Despite their differences (one was blue, the other yellow), Presley and Killer got along fine until 2013, when Killer died. Presley took it hard, falling into another deep depression. “We could not leave him alone,” said Linda Wittkoff. She and her husband, both Americans living in Brazil, were the main supporters of the Lymington Foundation. So, after just three days, Presley, like a sultan, received yet another bride. The chosen female, a Vinaceous Amazon, was named Priscilla—in honor of Elvis’s wife. Presley seemed to take to her right away, cleaning her feathers and sleeping close to her under the heat lamp. But on June 20, 2014, biologist Patricia Serafini called the vet to tell him that Presley, possibly in his 40s, wasn’t looking so good. He had barely eaten for a week, and now he was breathing hard. The next morning Presley was taken to the hospital, where veterinarian Ramiro Dias and his team put him on oxygen and treated him with medicines for his heart, lungs, and kidneys, along with antibiotics to prevent infection. They wanted to do a closer examination, but Presley appeared too weak to withstand the anesthesia. Four days later he was dead.
The Wittkoffs quickly published a statement: “As the sun rose this morning on Lymington, the world lost without exaggeration the best-known name in the bird world.” They lamented how they would miss Presley’s “cheery vocalizations as we often pass by his aviary,” and concluded: “We truly believe he had a very good life for his nearly eight last years.”
Receiving the news by email in Colorado, Mickey Santi opened her diary and wrote: “I miss you Presley and feel so honored that you shared part of your amazing life with me. I know you are at peace.”
Within a half-hour of Presley’s death, Dias was already in his car, driving the 150 miles from Botucatu to São Paulo. The bird’s body was on the passenger seat, inside a refrigerated Styrofoam box. “I felt the loss,” he said. “But I had to think immediately about the species.”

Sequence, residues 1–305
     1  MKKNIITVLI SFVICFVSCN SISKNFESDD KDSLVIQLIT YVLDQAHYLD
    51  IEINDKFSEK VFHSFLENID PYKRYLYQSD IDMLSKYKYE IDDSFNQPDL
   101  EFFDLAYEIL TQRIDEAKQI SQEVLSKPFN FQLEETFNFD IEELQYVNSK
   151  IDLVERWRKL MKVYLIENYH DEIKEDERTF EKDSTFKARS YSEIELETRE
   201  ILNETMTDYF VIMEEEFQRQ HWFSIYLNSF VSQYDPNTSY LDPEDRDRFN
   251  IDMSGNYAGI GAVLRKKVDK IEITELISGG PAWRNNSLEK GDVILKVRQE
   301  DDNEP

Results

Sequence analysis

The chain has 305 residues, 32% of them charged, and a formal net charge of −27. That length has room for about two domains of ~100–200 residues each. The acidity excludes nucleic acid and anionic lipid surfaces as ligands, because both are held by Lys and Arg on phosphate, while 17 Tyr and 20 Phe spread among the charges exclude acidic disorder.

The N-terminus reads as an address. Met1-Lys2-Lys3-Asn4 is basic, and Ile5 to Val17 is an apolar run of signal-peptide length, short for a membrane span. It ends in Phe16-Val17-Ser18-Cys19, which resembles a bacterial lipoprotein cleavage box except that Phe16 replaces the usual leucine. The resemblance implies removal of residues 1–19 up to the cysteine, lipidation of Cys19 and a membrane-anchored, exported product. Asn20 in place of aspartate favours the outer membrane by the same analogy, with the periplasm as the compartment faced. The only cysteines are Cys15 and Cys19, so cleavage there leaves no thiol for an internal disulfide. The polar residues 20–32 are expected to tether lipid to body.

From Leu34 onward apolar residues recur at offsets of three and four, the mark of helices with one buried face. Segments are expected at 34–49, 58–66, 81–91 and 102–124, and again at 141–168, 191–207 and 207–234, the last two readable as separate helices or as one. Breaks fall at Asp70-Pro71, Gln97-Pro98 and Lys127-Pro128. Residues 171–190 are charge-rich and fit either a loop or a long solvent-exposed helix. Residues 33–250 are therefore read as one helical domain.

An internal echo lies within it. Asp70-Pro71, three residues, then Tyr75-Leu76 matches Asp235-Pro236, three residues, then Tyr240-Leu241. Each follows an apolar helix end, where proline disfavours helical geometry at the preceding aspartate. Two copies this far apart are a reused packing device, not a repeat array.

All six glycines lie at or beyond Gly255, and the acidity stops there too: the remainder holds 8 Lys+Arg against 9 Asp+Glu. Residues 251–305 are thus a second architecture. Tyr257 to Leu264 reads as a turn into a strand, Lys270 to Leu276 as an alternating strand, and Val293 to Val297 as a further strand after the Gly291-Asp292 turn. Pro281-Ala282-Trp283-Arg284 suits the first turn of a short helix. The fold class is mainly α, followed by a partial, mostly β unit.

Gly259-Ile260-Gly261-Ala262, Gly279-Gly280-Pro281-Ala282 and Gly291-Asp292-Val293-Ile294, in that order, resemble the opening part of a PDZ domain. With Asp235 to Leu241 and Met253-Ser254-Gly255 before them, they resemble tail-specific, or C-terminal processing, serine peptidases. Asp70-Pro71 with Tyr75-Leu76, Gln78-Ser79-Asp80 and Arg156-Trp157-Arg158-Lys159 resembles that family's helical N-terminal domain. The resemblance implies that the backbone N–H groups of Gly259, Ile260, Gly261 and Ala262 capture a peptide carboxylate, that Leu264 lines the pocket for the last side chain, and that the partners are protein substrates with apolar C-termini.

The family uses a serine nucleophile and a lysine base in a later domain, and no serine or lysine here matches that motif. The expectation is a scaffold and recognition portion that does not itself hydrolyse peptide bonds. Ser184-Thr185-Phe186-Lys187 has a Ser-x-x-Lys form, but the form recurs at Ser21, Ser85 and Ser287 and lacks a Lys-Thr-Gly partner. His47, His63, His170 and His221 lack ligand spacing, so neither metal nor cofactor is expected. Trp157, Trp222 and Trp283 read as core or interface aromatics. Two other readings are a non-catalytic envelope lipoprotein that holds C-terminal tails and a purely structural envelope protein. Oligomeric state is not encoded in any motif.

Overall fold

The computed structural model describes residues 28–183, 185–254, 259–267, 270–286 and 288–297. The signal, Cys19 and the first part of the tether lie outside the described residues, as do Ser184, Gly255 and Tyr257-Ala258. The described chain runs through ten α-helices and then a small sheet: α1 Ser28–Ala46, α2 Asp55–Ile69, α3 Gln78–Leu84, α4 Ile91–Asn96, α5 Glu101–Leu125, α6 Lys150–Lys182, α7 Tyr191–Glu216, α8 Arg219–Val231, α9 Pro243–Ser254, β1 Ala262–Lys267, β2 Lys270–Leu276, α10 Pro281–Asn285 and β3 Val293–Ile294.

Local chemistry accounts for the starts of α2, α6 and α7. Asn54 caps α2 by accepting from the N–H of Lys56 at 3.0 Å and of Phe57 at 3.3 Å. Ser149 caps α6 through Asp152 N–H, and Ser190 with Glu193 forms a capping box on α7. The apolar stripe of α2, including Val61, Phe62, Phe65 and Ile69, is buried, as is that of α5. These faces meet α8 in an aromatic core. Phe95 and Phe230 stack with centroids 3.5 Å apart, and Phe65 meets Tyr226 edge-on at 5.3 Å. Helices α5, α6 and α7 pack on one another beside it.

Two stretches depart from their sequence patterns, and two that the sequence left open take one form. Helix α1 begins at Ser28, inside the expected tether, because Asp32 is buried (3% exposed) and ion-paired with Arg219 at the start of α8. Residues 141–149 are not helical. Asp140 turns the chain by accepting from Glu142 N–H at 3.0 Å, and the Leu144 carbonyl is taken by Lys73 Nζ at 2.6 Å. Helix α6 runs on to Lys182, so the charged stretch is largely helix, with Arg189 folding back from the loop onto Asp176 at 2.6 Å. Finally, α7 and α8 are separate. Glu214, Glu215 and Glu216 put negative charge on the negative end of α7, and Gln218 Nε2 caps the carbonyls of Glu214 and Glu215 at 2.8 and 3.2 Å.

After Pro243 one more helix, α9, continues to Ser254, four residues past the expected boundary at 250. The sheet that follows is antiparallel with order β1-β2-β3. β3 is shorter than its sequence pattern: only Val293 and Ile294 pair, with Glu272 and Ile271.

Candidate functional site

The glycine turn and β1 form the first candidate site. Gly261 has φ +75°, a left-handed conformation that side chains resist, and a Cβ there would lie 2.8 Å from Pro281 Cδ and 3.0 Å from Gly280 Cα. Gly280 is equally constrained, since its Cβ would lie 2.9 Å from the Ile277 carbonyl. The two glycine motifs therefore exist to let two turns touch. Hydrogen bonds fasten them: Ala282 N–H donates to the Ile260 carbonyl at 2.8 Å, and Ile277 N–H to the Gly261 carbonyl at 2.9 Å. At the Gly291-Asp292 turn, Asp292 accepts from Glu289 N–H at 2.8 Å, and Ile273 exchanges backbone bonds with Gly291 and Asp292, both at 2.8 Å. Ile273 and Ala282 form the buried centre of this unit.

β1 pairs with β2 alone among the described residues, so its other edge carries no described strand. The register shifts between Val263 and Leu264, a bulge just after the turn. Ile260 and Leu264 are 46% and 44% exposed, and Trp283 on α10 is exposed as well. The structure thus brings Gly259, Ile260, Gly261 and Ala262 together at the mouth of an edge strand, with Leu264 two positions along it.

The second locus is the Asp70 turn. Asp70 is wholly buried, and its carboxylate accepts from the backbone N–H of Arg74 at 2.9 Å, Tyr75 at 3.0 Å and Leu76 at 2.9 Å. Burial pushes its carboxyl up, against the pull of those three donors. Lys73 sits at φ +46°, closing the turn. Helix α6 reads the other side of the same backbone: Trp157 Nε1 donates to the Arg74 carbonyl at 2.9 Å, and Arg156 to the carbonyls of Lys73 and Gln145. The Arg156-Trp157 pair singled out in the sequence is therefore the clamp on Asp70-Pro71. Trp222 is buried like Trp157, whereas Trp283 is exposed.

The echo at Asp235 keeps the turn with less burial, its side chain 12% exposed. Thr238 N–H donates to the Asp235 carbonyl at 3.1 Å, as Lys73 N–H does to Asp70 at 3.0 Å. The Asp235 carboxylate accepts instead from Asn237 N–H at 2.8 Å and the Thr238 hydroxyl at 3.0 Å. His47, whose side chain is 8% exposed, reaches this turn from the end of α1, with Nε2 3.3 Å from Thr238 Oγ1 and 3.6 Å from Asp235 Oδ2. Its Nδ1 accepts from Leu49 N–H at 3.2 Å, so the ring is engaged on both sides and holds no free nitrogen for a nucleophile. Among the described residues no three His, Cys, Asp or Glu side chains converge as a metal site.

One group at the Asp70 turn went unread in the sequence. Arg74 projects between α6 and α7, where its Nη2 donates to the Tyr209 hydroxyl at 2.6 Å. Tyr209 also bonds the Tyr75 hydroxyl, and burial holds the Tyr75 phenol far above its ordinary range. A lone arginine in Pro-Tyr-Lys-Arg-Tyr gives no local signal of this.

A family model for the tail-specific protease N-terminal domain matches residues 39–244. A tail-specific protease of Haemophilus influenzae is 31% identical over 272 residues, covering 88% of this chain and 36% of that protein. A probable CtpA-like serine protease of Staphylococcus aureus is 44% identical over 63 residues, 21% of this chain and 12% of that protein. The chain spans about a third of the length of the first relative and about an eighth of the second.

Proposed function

In São Paulo, Dias was met by University of São Paulo veterinarians Ricardo Pereira and Jose Luiz Catão Dias. They took Presley from his Styrofoam sarcophagus and put him on the operating table to begin the delicate task of removing his testicles. “Patricia Serafini had asked about the possibility of using his cells in the future,” Pereira said. “I said I could freeze them.”
Pereira, a leading figure in the field of captive breeding, had pioneered the neat trick of having a healthy animal ejaculate the semen of another animal—alive, dead, or even of a different species. So far, he’d had relative success with roosters, getting them to ejaculate semen from quails. “In Presley’s case, we can transplant his cells to another macaw or to a Blue-winged Macaw,” Pereira said enthusiastically.
The procedure is a two-step process. First the cells are extracted from one bird’s testicles. Then the tissue is filtered to collect a stem cell called the spermatogonia, which undergoes a transformation to become sperm. Bird No. 1’s spermatogonia is injected into bird No. 2’s testicles, where the transformation becomes complete. But here’s where it gets tricky: Only 0.05 percent of the extracted cells are spermatogonia; what’s more, to avoid confusion, it’s necessary to sterilize the similar cells in the recipient—a technique that hasn’t yet been perfected.